Friday, September 14, 2018

Cusco Day 1: Qoricancha and Plaza de Armas

Peru Day 2: After a continental breakfast in the spacious restaurant area of the Wyndham, we headed back across the street to the airport. We collected our boarding passes for the Latam flight to Cusco and headed to the gate. 

There was a giant TV temporarily set up in the gate area and the Mexico-Sweden match was being watched by dozens of people. The locals here take their soccer seriously! Peru being in the final 32 of the FIFA World Cup may have added to the hype. 

We made it until half-time, but then had to leave as they switched our gate. Unfortunately, the new gate had no such TV. Eventually we boarded buses to drive out onto the tarmac to board the actual plane. My mom was a bit worried that we would have difficulty boarding if we were at the end of the line, but funnily enough, the buses invert the order. Last in the bus is first on the plane, a neat example of LIFO (last-in-first-out). 

Once on the plane, we were further delayed about 45 minutes, but eventually had a smooth flight of about an hour into Cusco. The flight attendants only served water, but that made sense given the listed short duration of the flight. Prior reviews had noted that flights into Cusco can be variable given weather conditions there, although our delay seemed mechanical.

Gorgeous views of the Andes greeted us as we flew east towards Cusco. Descending into the Cusco valley gave us panoramic views of the city, culminating in a remarkably smooth landing. The real turbulence though came once we stepped off the plane: the altitude change is real! All three of us felt somewhat lightheaded and imbalanced as we walked the relatively short distance from the gate through the terminal.

Once outside, we ended up taking a private car which cost 35 sol (S/35 is about $10 USD). The taxis outside were reportedly as low as S/15-20 but our taxi was fine, taking us to our hotel in about twenty minutes. We stayed in Casa Andina Standard Catedral, located at NE corner of the Plaza de Armas / Catedral area, the center of Cusco. The hotel room was nice and quiet, with 3 separate beds - quite a rarity!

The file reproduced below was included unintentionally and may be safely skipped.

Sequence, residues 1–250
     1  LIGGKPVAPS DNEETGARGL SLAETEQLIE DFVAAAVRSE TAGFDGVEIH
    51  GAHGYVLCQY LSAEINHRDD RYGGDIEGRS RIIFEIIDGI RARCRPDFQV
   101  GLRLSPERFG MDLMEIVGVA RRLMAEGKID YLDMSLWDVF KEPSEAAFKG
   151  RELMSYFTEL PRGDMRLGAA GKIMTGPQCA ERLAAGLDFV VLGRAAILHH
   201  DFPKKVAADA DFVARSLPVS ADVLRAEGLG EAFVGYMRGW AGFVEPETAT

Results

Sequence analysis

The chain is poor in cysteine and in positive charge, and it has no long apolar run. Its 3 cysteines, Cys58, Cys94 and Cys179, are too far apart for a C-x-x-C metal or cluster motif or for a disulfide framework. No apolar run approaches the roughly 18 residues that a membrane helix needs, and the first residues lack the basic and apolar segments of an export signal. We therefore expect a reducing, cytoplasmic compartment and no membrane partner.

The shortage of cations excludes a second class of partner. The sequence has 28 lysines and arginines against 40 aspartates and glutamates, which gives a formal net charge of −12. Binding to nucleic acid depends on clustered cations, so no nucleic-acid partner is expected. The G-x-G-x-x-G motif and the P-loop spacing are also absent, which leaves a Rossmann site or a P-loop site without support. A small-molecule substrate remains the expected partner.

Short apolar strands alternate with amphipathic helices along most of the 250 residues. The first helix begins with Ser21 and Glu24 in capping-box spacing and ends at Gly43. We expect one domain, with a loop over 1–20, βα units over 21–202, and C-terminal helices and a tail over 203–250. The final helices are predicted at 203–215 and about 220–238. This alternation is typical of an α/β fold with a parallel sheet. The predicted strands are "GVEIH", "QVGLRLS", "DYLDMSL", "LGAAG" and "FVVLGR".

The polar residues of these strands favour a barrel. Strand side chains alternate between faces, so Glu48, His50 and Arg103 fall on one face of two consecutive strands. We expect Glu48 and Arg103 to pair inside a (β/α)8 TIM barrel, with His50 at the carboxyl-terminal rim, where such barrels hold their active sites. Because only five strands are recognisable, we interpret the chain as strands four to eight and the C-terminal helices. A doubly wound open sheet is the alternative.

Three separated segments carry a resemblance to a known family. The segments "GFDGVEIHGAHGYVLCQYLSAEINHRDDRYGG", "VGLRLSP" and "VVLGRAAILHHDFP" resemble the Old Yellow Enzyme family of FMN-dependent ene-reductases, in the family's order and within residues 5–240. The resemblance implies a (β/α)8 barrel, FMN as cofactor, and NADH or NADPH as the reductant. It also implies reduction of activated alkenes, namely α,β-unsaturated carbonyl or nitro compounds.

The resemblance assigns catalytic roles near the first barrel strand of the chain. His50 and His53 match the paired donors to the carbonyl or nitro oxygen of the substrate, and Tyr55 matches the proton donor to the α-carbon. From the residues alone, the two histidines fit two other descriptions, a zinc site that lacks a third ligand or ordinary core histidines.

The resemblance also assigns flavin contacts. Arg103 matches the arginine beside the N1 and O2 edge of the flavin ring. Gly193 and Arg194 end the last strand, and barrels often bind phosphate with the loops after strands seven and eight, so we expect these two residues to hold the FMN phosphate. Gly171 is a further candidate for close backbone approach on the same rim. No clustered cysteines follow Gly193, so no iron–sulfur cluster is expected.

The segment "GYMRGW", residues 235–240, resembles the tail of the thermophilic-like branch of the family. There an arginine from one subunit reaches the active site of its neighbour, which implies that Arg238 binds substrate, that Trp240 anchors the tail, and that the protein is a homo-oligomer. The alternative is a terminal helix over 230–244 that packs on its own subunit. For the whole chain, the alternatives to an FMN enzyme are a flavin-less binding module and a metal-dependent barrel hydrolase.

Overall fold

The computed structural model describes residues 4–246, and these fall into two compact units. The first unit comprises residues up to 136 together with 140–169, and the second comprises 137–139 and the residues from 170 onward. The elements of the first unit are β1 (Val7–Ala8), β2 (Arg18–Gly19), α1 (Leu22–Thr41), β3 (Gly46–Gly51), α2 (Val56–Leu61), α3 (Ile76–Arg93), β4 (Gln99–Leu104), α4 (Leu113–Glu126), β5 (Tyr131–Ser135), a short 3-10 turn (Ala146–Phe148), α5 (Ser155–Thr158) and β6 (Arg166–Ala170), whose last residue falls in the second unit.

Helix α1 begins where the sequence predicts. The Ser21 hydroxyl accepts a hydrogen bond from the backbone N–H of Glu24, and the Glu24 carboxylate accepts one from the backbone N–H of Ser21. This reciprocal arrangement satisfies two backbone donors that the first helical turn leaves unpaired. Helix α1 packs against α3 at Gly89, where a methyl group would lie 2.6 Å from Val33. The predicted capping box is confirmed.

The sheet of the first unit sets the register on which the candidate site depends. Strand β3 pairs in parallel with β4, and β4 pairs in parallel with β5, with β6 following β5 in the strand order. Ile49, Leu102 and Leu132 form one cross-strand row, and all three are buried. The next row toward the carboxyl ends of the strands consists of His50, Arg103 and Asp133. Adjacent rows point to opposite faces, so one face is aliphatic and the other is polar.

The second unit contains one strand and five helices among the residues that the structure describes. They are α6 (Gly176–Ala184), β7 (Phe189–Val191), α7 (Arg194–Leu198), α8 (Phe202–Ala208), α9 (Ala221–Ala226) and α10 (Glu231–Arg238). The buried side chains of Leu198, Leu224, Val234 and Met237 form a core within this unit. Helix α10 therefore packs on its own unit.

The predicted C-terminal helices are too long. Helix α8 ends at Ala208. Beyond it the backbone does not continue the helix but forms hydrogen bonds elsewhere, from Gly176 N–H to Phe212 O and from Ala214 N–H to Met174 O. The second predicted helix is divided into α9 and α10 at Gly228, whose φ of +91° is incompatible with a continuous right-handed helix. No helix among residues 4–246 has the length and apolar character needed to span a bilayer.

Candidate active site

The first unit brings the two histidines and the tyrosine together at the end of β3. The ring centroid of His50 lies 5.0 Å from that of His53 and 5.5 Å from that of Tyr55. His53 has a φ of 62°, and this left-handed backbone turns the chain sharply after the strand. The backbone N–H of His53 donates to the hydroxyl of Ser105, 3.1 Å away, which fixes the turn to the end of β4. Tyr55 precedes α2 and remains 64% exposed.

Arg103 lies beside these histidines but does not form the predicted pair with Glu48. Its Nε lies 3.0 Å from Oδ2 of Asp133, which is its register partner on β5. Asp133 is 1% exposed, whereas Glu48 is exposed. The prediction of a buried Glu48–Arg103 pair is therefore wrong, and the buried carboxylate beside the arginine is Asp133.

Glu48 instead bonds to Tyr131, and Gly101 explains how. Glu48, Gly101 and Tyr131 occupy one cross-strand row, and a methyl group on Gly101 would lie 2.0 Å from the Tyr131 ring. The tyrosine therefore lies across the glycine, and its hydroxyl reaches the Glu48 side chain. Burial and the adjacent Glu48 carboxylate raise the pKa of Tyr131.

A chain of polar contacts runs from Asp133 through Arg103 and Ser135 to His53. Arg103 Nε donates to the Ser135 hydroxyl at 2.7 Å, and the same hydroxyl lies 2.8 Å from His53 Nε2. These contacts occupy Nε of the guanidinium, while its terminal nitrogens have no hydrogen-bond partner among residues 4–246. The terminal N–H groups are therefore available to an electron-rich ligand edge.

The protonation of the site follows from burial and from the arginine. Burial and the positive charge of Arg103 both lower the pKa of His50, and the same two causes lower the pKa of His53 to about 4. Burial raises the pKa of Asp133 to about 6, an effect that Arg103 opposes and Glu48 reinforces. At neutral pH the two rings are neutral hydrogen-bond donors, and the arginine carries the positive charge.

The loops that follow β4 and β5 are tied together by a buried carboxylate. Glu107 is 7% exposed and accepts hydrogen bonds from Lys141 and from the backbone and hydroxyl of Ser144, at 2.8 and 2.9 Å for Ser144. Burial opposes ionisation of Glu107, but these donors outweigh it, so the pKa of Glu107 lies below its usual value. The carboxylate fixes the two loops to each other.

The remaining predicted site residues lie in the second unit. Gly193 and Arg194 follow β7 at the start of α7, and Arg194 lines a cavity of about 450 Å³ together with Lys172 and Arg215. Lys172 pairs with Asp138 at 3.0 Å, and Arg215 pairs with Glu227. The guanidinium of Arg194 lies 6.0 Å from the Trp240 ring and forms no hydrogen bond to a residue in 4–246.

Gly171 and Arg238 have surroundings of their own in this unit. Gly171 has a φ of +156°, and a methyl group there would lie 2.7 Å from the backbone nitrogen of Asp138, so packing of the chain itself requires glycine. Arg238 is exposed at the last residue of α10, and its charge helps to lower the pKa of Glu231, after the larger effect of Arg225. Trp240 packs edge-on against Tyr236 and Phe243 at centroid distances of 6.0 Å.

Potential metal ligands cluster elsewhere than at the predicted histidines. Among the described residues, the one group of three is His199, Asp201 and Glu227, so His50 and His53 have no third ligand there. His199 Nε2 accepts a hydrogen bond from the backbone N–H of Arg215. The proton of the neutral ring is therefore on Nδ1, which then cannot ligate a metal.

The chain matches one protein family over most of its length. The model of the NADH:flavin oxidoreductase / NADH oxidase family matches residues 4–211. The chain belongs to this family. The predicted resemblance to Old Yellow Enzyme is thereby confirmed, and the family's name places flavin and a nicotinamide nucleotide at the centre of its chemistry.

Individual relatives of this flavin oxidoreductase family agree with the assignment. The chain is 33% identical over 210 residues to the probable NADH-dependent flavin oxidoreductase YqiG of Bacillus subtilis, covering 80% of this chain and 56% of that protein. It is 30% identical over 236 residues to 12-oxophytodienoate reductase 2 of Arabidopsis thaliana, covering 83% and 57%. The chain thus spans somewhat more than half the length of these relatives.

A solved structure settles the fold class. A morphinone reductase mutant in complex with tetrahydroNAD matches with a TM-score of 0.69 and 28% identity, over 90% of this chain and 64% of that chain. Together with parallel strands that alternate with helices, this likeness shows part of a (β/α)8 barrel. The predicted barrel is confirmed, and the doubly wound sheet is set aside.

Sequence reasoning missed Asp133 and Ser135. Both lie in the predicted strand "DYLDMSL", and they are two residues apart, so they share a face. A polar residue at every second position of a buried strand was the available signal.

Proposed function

Iglesia de Compania de Jesus, Plaza de Armas, Cusco
After dropping off our bags, we made our way first to the nearest tourist office to purchase the ‘boleto turistico’ or tourist ticket. The ticket cost S/130, but allowed for 10 day access to most of the major points of interest around Cusco / Sacred Valley. They only accepted cash.

Unfortunately one of the excluded sites was our next stop Qoricancha (also spelled Coricancha or Koricancha). The term comes from the Quecha language for ‘golden enclosure.’ Qoricancha was the most important temple in the Incan Empire. Most of the gold was given to the Spanish though, as ransom for the return of the Incan leader Atahualpa. The Spanish then built the convent of Santo Domingo on the foundations of Qoricancha, so what exists today is a hybrid of the two. To enter, we purchased tickets for S/15 each.

A Scale Model of the Church / Qoricancha

The inner courtyard contains two levels. Around the perimeter, the old Incan masonry still exists. It is quite distinct as they fitted stones together without the use of mortar (also known as 'dry' mortar). As impressive as it is in photos, it is still something else to see up close. After walking the perimeter, we ventured upstairs, which connected to the Santo Domingo portion of the facility. The church itself was nice but I found the display of the old ornate garments worn most interesting.

Upon heading back outside, we went to Casa Cancha, a museum of Incan artifacts, under the mistaken impression that it would close within an hour. Luckily for us it was actually open until 7pm! Unluckily for us, they charged us another S/20 to enter. Inside though, the exhibits were well worth it, with two floors of what looks like a converted hacienda dedicated to Incan artifacts.

After the museum, we met with our tour guide for the latter half of our trip. We had planned to visit Manu National Reserve, the Peruvian portion of the Amazon, where its headwaters start. Initially, we were planning on doing a more popular circuit of Lima - Cusco - Machu Picchu - Puno - Lima. However, after learning about Manu, my parents decided to amend the trip to remove Puno and shorten Lima to create time for a 3 day / 2 night tour of Manu. Our guide Mr. Abraham of Amazon Trails Peru met with us at our hotel to go over the trip itinerary and fit us for rubber boots for hiking in the rainforest.

We ended the night with dinner at Greens Organic. The restaurant was on the 2nd floor of the building two doors down from our hotel. It served organic food with a large range of vegetarian options. We had the African curry, spinach ravioli, and sweet potato gnocchi along with coca tea infused with ginger and lemongrass. All were excellent. After dinner, we walked around Plaza de Armas and purchased bottles of water before retiring for the night.


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